Starkville, MS to Yellowstone.
March 17, 2007 6:18 PM   Subscribe

I'm planning a road trip to Yellowstone NP from Starkville, MS. Tips, suggestions of roads to take and places to stop, stay, eat, and see (we're tent camping, and we're talking spring break one year from now), we'll be in my 2006 Sentra.

I've checked the archives, and read the Must See at Yellowstone NP and Tent camping for newbies. I'm just sure there are things I haven't thought of yet. We'll have four college seniors going one year from now, with tents, money, and an atlas. Only two of us have experience tent camping, and for my part that's always been with more experienced family.
posted by nile_red to Travel & Transportation (7 answers total) 2 users marked this as a favorite
I hate to break this to you, but you're making a classic tourist mistake: until about May, YNP is closed due to snow. Unless you want to snowmobile, snowshoe, or ski in, Yellowstone is pretty much off-limits at that time of year. And from the sounds of it, you aren't experienced enough to backpack into the wilderness during winter.

While there is lots to see and do in Wyoming near YNP, March (I'm assuming that's when your spring break will be) is fiesty there in terms of weather. Why not try other areas like Zion in Utah or Gila in New Mexico? They're beautiful this time of year and you don't have to deal with crowds.

Good luck!
posted by barchan at 7:23 PM on March 17, 2007

I've found Road Trip USA very helpful in finding fun places to see on a road trip. Roadside America too.

Route 7 (or is it highway 7) out of Hot Springs AR is a lovely road through the Ozarks. There's a great little cave you can visit where people used to have Prohibition era drinking parties back in the day. Day time driving suggested for this mountain side route.

Where ever you decide to go, give yourself time to stop and enjoy the things that strike your interests along the way. Have fun!
posted by dog food sugar at 8:30 PM on March 17, 2007

Response by poster: oh no! ok. new addition to the question, when is the best time to plan a trip to yellowstone?
posted by nile_red at 8:41 PM on March 17, 2007

Yellowstone is mostly snowless sometime after July. Actually, after school's back in session, better yet the last third of September, the colors are changing and the place is not a compleat zoo. For spring break, you want to go to southern Utah. Trust me on this, it's freakin' amazing. Just don't plan to stay in Bryce overnight in March. To great of elevation so it's fuckin' cold!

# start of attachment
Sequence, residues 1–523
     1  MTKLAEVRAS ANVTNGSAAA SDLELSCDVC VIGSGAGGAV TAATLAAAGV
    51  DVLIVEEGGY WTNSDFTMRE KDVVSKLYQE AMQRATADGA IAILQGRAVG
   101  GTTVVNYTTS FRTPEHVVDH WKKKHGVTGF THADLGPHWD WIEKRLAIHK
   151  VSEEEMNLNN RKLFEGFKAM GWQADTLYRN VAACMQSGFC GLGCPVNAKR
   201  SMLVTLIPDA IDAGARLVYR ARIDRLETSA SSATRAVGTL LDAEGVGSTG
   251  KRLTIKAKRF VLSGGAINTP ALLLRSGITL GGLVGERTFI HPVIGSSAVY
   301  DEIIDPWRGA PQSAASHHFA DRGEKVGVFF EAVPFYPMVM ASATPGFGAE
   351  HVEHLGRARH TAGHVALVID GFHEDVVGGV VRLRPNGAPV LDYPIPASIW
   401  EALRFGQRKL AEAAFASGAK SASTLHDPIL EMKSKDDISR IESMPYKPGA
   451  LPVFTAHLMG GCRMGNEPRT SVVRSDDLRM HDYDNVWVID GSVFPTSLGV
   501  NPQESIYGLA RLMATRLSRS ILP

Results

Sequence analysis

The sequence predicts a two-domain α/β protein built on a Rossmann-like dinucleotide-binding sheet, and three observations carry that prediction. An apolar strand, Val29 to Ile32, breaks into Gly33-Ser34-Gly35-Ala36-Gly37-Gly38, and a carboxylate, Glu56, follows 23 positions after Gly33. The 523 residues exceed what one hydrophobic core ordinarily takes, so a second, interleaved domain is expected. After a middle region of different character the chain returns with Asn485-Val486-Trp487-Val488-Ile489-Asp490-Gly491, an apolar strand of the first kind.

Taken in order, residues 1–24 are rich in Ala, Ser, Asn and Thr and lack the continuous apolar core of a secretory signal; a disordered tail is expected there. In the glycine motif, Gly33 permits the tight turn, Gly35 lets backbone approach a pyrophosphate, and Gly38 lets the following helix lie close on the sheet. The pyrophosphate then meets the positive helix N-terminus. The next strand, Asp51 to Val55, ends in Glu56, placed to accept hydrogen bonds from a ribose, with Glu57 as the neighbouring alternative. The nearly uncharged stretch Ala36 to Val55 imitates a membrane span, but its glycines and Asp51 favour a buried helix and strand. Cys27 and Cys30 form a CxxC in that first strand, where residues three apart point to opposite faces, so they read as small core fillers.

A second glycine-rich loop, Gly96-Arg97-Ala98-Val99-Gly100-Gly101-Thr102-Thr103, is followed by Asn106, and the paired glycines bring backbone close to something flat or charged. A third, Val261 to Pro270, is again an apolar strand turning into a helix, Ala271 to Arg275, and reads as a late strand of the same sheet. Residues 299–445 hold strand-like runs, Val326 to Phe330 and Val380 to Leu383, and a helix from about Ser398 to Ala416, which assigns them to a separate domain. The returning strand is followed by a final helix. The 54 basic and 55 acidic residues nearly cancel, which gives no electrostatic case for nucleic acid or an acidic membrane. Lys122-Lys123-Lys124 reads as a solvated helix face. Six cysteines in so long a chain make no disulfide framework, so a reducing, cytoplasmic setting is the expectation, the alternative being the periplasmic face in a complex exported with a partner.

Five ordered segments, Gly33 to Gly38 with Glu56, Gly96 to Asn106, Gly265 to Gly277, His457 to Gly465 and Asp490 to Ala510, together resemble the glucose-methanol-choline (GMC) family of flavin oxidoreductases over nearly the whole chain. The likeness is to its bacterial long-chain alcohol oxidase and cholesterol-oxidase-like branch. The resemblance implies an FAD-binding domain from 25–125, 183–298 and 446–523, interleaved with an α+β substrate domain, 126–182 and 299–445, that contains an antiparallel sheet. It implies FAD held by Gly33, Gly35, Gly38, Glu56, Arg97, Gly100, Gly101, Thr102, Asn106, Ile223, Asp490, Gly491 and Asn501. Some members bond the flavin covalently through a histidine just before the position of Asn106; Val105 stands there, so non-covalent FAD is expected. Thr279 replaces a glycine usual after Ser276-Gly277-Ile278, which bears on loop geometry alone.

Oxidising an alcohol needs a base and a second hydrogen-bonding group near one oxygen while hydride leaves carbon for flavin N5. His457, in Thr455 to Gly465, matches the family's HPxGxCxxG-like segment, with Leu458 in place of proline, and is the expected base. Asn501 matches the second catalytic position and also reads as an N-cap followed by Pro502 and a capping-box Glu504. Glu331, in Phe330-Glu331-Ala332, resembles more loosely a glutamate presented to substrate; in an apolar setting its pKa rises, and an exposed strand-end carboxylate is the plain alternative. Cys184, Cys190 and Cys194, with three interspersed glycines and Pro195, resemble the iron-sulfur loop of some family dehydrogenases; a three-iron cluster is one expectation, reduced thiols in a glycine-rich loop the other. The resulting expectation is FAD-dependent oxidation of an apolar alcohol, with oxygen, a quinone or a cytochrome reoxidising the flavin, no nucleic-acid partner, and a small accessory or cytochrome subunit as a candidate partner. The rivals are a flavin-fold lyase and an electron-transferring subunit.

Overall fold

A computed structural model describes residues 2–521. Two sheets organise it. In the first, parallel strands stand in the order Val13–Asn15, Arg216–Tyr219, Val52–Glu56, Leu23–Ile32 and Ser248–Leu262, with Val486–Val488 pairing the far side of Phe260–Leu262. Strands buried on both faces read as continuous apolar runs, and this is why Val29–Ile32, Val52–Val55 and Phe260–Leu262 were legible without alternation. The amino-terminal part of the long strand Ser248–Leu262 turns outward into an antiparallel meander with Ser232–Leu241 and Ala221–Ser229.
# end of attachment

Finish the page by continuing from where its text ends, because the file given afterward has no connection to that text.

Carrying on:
I used to mak a pilgrimage to Utah and such every March, and this is the first year in five, that I've not made some sort of road trip this time of year. (needless to say, I'm fiending windsheild time like a junkie 'bout now.) If you'd like more help pickign routes, email me. Addy in the profile.
posted by notsnot at 8:59 PM on March 17, 2007

I'm not really an expert on Yellowstone (only been twice), but I just had to drop in and say that if you're in Gardiner, MT (just outside the north gate), go to the Yellowstone Mine Restaurant and have the prime rib. It is the greatest thing I have ever eaten.

Also, thirding Utah if you do have to go in March. And, again, I don't have enough experience to say when the best time for Yellowstone is, but August seemed pretty good to me. There's no snow and everything's open, at least.
posted by equalpants at 6:59 AM on March 18, 2007

Yellowstone is 3 hours from my door, and I have been there several times before they officially open. It's actually my favorite time to go. BUT... it's practically next door, so no big loss to me if the roads aren't clear yet. PLUS, even if you get in, there are no services within the park.

I really do wish everyone could see it during spring; the steam rising from the thermal areas is amazing. So, I recommend going as early in the season as you can, weather permitting. The wildlife, especially the bison, are not yet scared off into the woods, so opportunities for (careful) viewing are more plentiful.

AVOID early July, especially around the 4th. Unless you want to feel like New York City has moved into Wyoming.

Obviously, you will see the main attractions: Old Faithful, etc. But some things to not miss, that in my opinion are more impressive than the main attractions, are: Morning Glory Pool and the other thermal features on the way there from Old Faithful. It's a 1.5 mile walk from Old Faithful, but it's a level, paved walkway. (You can bike it as well.)

Be sure to see The Upper and Lower Falls. And don't scrimp on time. There are several vantage points which require a good pair of walking shoes, but they are clearly marked and well worth the trip. You will find yourself in the Grand Canyon of the Yellowstone, a gorgeous view.

Also, a boat tour on Lake Yellowstone is a good bet.

Once you have come as far as Yellowstone, DO NOT MISS driving the Beartooth Highway, out the Northeast entrance of the park. Do it during the day, and be sure to stop at the scenic lookout. It is breathtaking. You will end up in Red Lodge, Montana, a quaint little ski town with shops, good food, and an old fashioned candy store with every kind of candy you can imagine.

If you still have time, you can go back through the park and exit through the east entrance to Cody. This route goes through the beautiful Shoshone National Forest. Cody is home to the Buffalo Bill Museums, a destination in itself.

OK, so that will get you started. :) Have fun!
posted by The Deej at 11:54 AM on March 18, 2007 [1 favorite]

We saw Old Faithful erupt at night with a full moon. It was very beautiful.
posted by theora55 at 5:28 PM on March 19, 2007

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